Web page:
**A Quick Way to Practice Fraction Concepts Any Time of Year**

That way is……….use partner cards or grouping cards whenever youâ€™d like to have students work together in random partners or groups.

Before we get into the specifics of the grouping cards, let’s just touch on grouping strategies for a moment and why I’ve created grouping cards for randomized grouping.

**Grouping Strategies**

*by Peter Liljedahl, he talks about the types of grouping strategies teachers might use:Â*

**Building Thinking Classrooms in Mathematics**- grouping homogeneously
- grouping stronger students with weaker students
- grouping and giving students particular roles in the group
- allowing students to self-select their groups

Through their studies, he observed that 80% of students entered these types of groups feeling like they were going to be aÂ *follower*Â rather than aÂ *thinker*. He asserts that whether students are strategically placed in a group or they self-select, theyÂ *know why theyâ€™re with the other students*Â and they meet the expectations of that grouping (or as he puts it, they “…live down to these expectations.”)

So, rather than strategic grouping or allowing students to self-select, the author recommends randomized grouping â€“ more specifically,Â ** visibly**Â

**Â grouping, so students can see that the groups are truly randomâ€¦.not the teacher**

*randomized**saying*they were random.

If you want to read more about grouping ideas, and havenâ€™t already read this one, check it out â€“Â __Building Thinking Classrooms in Mathematics__.

**Partner Cards or Grouping Cards to Keep Reviewing Fractions in Middle School**

I did this with **equivalent expressions** a few years back, and it was quite helpful – using the grouping cards gave students additional practice several times during the year.

â€‹I’ve got three different sets of partner/grouping cards (which you can access below), to help students review fraction concepts.

## â€‹**Reviewing Fractions in Middle School: Equivalent Fractions**

**Example:**

- â€‹students who have 4/5 and 16/20 are partners
- students who have 3/10 and 9/30 are partners.Â

You can use these any time of year, but you might choose to use them when you’re working with similar concepts, like equivalent ratios. One teacher mentioned she was going to use them for equivalent slopes!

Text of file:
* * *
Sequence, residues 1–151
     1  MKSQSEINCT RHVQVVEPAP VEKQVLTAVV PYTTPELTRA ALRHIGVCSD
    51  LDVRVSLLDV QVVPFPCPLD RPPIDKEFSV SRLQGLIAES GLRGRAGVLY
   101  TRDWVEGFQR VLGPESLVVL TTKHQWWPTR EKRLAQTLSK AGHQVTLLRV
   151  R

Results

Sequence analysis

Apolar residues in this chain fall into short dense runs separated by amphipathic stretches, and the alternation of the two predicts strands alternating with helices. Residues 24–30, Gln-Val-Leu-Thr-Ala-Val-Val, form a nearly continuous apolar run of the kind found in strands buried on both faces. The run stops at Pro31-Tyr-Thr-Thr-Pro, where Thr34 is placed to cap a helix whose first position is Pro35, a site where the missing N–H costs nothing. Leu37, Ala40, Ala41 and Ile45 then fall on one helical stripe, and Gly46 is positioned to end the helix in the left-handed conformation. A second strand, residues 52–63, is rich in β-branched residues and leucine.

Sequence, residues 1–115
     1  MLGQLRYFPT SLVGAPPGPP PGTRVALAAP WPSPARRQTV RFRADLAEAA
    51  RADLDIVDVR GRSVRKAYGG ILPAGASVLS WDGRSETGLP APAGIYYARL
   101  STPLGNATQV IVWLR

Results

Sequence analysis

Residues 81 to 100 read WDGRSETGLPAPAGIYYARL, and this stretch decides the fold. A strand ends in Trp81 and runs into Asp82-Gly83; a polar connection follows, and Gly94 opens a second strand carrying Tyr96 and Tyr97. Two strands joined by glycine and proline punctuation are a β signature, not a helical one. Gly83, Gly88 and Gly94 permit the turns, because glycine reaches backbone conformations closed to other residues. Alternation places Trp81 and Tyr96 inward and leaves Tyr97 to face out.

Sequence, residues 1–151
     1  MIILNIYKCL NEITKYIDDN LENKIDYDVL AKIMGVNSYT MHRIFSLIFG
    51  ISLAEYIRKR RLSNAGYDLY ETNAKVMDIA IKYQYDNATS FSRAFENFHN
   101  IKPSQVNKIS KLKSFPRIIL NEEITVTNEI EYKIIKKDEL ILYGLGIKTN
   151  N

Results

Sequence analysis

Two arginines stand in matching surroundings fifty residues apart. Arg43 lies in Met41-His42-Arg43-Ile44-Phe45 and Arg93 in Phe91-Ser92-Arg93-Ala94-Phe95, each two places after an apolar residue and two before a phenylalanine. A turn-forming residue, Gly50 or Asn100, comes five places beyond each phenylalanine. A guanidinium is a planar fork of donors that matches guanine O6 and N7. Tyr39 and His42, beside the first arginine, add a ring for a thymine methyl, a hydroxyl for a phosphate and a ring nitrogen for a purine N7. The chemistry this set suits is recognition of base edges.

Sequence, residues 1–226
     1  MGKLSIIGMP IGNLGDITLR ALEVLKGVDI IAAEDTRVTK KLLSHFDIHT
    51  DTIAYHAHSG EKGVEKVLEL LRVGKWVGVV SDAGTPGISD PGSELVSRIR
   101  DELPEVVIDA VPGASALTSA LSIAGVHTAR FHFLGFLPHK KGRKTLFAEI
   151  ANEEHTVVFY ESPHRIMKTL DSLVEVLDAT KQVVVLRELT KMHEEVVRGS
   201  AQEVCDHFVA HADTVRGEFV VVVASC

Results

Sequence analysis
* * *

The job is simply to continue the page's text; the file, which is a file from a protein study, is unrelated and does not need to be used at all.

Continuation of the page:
**Reviewing Fractions in Middle School: Fraction Representationsâ€‹**

- fraction bar/stripÂ
- fraction as a numberÂ
- fraction on the number lineÂ
- fraction of a shape

Students find the other students with the same fraction represented, and they have their group.

- These cards can be used to create groups of 2, 3, or 4.

When I made this set of grouping cards, I did repeat numerators, so students wouldnâ€™t just look for a 3 or a 4, etc. In the picture, you can see there are cards with 3/8 and 3/9, so students have to look at their grouping cards carefully.

**Reviewing Fractions: Mixed Numbers and Improper Fractions**

For these, I used the same denominators for different sets, so students canâ€™t just look at the denominator (like 4, in the picture) to find their group.Â Â

**Access the Fraction Partner Cards/Grouping Cards**

To sum up – you can use the partner cards/grouping cards ANY time throughout the year to keep reviewing fractions in middle school (fraction vocabulary, basic fraction concepts, fraction operations, etc) throughout the school year.

AND (added bonus)…you can use the cards as a matching activity in centers as well!You can grab these sets of grouping cards for free (along with 5 or 6 other free fraction resources) when you join my email community. Just select the button below!

If youâ€™re **already part of my community**, you can grab these from theÂ free resource library here on the site. You should already have the password for that, but if you canâ€™t find it, send me an email and let me know!

Check out the program,

**Fractions: From Foundations to Operations.**